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Heritage tax off the table as governor helps look for funds
by: L.E. BASKOW, Happy Valley Elementary School students tour the “Oregon My Oregon” standing exhibit at the Oregon History Museum. Thousands of students visit the cash-strapped downtown Portland museum each year.

The cash-strapped Oregon Historical Society is taking a step back in time.


The 112-year-old nonprofit will put its campaign to create a local 'heritage tax district' on hold after the idea failed to win support from Portland Mayor Sam Adams and Gov. Ted Kulongoski, among others.

At the request of Portland city officials, Kulongoski convened a group to brainstorm new state funding ideas for the society, which operates the Oregon History Museum and research library in downtown Portland. The society's board voted unanimously April 17 to give state funding options another shot, says George Vogt, executive director. Those options include seeking $1.5 million from the Legislative Emergency Board, which meets in late May, and pursuing other possibilities.

The society's board has been laying the groundwork for a local taxing district after its state funding dwindled the past seven years. The 2007 Legislature enacted a law that enabled the formation of local taxing districts for history facilities. Such districts could raise property taxes, upon voter approval, much like library and soil and conservation districts.

The Oregon Historical Society, which expects its cash reserves to be exhausted by late 2011 or early 2012, had already retained political consultant Liz Kaufman and raised $130,000 for a heritage district ballot measure campaign, Vogt says.

But Adams and others feared a heritage taxation district on the ballot might confuse voters and make it harder to pass a planned arts funding measure, says Ty Kovatch, chief of staff to City Commissioner Randy Leonard. The Oregon Historical Society had discussed options for obtaining money from the arts measure. However, Vogt says that didn't appear to provide a solution soon enough to solve the society's financial crisis - nor did he foresee raising enough money from such a measure.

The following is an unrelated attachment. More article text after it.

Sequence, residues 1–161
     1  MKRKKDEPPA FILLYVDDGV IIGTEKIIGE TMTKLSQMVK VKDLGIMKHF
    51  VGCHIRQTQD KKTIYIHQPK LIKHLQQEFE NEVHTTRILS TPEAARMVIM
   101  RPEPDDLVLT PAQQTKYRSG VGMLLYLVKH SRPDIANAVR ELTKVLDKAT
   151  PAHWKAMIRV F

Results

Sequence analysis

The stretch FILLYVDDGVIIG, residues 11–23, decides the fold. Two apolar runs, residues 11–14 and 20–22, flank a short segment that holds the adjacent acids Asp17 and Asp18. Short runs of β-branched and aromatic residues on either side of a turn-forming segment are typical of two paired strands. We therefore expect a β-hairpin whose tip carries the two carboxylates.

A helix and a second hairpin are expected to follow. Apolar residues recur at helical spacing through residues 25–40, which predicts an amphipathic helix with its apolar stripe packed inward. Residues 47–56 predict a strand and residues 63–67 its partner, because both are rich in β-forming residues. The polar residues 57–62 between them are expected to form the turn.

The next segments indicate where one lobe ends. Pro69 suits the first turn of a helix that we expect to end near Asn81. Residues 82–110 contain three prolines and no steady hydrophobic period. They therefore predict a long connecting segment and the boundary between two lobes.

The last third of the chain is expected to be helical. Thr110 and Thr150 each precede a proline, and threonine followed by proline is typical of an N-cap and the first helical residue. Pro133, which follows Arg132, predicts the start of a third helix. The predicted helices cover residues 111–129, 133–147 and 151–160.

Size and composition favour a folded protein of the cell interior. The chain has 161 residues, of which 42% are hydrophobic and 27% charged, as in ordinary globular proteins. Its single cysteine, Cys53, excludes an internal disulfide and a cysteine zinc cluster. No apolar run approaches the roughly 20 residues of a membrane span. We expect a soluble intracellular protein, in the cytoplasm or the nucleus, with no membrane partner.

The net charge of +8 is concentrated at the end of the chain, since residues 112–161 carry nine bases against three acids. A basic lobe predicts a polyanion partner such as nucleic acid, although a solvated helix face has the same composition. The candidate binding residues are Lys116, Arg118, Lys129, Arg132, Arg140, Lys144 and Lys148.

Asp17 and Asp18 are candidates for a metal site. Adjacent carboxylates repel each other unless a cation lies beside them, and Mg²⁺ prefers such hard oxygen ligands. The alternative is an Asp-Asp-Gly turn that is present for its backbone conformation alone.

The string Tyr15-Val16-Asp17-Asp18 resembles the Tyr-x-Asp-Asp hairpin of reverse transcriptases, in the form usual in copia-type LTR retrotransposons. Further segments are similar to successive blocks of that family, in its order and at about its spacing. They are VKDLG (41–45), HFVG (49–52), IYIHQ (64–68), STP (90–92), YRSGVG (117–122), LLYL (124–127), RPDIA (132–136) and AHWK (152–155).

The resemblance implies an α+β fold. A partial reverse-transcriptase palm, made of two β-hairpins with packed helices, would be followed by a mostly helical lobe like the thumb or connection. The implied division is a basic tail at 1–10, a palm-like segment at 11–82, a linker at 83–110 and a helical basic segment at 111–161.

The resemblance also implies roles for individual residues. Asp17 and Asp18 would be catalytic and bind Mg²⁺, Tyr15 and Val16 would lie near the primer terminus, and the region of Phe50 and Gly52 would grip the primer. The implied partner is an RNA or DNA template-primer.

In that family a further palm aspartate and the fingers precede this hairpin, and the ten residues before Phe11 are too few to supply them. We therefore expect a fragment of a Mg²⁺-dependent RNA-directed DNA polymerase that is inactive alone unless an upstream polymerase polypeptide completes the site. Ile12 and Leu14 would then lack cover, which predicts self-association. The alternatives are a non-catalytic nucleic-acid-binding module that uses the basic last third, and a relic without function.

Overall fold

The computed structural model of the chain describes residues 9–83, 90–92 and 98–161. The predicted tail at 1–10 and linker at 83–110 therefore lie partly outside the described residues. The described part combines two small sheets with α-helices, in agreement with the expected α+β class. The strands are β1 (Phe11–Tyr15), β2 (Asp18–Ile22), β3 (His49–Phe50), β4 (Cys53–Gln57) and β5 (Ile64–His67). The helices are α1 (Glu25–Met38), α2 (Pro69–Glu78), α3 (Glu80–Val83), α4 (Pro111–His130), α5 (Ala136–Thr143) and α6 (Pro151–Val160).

When the Oregon Historical Society started pursuing its own funding measure, 'that's when feathers got ruffled,' Kovatch says.

In response to interview requests, Adams spokesman Roy Kaufman instead released a brief written statement saying Adams prefers a state funding solution for the society and will continue working with the governor's office to pursue that.

The governor concurs. 'He does not support the local heritage district idea,' says Kulongoski spokeswoman Anna Richter Taylor. 'He does think we need to find a statewide funding solution.'

Oregon Historical Society leaders also would prefer state funding, which sustained the nonprofit with annual funding from 1899 to 2003. However, state funds were then cut off for four years. Kulongoski and the Legislature managed to restore state funding to $1.4 million a year in 2007-09, then it fell to $300,000 a year for the current 2009-11 budget, plus proceeds from sales of a new historical license plate.

Taylor says the license plate money should double state funding, adding another $300,000 a year. But the historical society budgeted $180,000 in license plate revenues this year, because it doesn't know how many plates will sell, says Sheri Neal, society finance manager.

'I don't think any which way we turn is a slam dunk,' Vogt says. But if the emergency board grants the $1.5 million request, that would be an important signal of the state's continued commitment, he says.

State Sen. Betsy Johnson, D-Scappoose, isn't holding her breath. She's a former member of the Oregon Historical Society board, as were both parents. And she's a member of the Legislative Emergency Board, often called the 'E Board.'

With the state looking at a potential budget shortfall in 2011-13 of up to $2.5 billion, there will be pressure to save the relatively small leftover funds for the next budget cycle, Johnson says. Money from the E Board 'becomes a less likely opportunity,' she says.

Even if the E Board provides some emergency money, that would be a short-term fix, Johnson says. Her earlier proposal - to designate the historical society and surrounding arts buildings as a cultural district eligible for state lottery funding set aside for parks - never got any traction in Salem, Johnson says.

It appears the heritage tax district drew new attention from city and state leaders to the historical society's precarious financial situation, Johnson says. She still likes the idea, noting that a poll showed the measure could pass.

But to be successful, a heritage taxing district would require the support of a majority of the Portland City Council. Adams is opposed, and Leonard, a 'history buff,' hasn't take a position on it and wants to see the renewed effort to garner state funding succeed, Kovatch says.

Johnson notes that other Portland cultural institutions, such as the Portland Art Museum, have had 'sinking spells' and been revived.

'I don't want this place to die on my watch,' she says.

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